Israel Hayom reports on Benny Gantz’s meetings in Washington. “Not destroying Hamas in Rafah means sending a fire truck to put out 80 percent of the fire,” Gantz told National Security Adviser Jake Sullivan. That was Gantz’s response to the assertion that was made by Sullivan, Vice President Kamala Harris and other top administration officials, who said it would be impossible to evacuate 1.2 million Gazans (an estimate that is probably inflated) from the Rafah area—an evacuation that they view as an essential precondition for any military operation in that southern Gaza Strip city. Gantz disagreed. The paper argues that even larger gaps came to the fore in discussions about humanitarian aid. “Whereas many Israelis are livid about the decision to deliver supplies to the enemy – an act that has helped Hamas, has prolonged the war and has delayed a hostage deal – the Americans believe that Israel isn’t doing enough. Biden’s aides have even accused Israeli officials of lying about the quantity of aid that has been delivered and the pace of its delivery.”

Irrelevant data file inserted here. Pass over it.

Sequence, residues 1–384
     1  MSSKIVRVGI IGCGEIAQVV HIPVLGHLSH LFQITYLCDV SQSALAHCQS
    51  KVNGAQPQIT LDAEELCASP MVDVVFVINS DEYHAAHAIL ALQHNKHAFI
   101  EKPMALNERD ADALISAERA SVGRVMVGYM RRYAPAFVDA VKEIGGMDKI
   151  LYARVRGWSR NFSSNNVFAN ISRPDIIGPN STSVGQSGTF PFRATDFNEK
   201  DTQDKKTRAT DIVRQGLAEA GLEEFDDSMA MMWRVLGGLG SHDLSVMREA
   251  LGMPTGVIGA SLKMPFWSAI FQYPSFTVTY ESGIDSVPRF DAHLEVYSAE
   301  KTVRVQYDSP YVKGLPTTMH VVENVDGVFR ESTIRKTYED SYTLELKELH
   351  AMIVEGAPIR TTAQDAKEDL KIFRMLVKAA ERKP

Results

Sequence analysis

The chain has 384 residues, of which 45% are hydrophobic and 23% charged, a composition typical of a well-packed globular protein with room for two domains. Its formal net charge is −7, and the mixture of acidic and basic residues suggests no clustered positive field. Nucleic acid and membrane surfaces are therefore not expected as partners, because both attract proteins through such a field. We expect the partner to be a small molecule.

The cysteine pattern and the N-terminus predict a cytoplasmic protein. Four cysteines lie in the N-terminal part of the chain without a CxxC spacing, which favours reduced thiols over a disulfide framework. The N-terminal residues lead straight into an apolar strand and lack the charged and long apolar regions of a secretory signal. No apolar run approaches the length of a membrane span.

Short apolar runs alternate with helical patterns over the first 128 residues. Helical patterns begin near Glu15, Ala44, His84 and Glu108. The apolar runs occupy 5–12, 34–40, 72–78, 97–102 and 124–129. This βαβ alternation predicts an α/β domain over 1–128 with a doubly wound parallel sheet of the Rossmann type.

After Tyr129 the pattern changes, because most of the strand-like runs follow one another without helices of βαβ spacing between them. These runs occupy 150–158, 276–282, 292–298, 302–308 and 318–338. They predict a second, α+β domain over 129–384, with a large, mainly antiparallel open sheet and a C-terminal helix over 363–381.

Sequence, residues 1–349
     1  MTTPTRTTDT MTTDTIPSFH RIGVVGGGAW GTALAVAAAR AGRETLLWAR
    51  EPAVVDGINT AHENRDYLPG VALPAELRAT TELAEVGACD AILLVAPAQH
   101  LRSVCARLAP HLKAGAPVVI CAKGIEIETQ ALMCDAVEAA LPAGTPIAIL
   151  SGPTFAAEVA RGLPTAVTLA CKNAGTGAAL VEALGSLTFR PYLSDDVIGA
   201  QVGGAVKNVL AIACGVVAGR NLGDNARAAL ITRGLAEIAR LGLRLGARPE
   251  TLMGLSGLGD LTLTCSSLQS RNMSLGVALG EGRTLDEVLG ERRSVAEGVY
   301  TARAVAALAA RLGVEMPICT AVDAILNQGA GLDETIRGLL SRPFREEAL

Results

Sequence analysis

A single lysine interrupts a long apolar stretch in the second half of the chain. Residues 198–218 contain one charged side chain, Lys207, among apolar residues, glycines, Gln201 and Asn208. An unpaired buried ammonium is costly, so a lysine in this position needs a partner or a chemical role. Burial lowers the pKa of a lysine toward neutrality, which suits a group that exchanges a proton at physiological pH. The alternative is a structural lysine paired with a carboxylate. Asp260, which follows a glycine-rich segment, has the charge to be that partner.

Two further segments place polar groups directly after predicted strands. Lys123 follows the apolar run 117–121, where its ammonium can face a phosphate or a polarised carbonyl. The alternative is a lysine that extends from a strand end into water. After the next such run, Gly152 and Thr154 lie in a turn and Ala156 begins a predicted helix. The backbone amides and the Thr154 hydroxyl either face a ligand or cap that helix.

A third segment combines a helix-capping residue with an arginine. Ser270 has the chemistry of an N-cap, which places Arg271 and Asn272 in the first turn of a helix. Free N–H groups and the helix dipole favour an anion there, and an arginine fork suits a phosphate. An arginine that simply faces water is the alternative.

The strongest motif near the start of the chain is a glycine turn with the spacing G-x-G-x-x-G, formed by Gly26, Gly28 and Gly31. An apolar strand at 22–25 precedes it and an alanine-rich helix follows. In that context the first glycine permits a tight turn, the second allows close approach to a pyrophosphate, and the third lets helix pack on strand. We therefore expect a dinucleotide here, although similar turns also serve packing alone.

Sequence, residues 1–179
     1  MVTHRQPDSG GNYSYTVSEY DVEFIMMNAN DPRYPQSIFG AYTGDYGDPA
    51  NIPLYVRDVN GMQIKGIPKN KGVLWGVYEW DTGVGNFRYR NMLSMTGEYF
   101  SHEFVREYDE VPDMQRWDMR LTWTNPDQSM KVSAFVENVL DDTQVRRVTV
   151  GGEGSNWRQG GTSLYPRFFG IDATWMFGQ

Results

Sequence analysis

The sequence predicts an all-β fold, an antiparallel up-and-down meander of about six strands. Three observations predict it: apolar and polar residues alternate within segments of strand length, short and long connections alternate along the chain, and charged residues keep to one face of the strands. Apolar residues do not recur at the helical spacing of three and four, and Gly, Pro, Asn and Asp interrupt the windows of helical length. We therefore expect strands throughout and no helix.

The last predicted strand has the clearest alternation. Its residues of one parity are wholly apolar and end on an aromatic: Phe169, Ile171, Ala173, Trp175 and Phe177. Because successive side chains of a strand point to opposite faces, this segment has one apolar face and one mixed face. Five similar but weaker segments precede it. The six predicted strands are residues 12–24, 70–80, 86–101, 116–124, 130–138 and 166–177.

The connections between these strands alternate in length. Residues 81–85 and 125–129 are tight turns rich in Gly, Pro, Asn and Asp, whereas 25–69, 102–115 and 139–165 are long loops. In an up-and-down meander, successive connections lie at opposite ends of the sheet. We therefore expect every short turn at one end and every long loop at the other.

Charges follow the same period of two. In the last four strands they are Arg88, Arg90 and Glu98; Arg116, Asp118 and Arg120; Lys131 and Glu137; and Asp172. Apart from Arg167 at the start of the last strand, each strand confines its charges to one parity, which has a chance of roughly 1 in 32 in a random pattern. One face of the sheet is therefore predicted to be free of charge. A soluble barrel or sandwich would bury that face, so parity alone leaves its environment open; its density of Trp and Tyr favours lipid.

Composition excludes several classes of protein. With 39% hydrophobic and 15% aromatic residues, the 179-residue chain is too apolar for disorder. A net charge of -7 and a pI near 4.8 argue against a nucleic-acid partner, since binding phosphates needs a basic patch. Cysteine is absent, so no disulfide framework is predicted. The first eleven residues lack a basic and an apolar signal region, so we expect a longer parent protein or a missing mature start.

Amos Harel in Haaretz writes that ahead of Ramadan, the Biden administration is making its final appeal to reach a deal to release the hostages and reach a cease-fire between Israel and Hamas in Gaza, adding that the Israeli defence establishment has come to suspect that Sinwar has become less interested in a deal and is instead counting on a regional escalation with the onset of Ramadan. “When Hamas launched its surprise attack on October 7” says Harel, “Sinwar assumed other members of the “axis of resistance” – specifically Hezbollah, and, to some degree, Iran – would come to his aid and attack Israel. That didn’t happen. Hezbollah, which Israel believes was not informed in advance of Hamas’ plans, did open a second front against Israel on the Lebanese border. But it has engaged only in limited operations that have not escalated into a full-scale war. Now, due to the religious character of the Ramadan period, Sinwar may be hoping to set off a regional conflagration, inflaming Jerusalem and the West Bank, and perhaps mass demonstrations in neighboring Arab countries. It looks like another big gamble on top of the gamble the Hamas leadership in the Gaza Strip took in October. If that is what he hopes, he’s getting some help from the Israeli side in the provocations of National Security Minister Itamar Ben-Gvir, who has been raising tensions around the Temple Mount by seeking to restrict Muslim access during Ramadan.”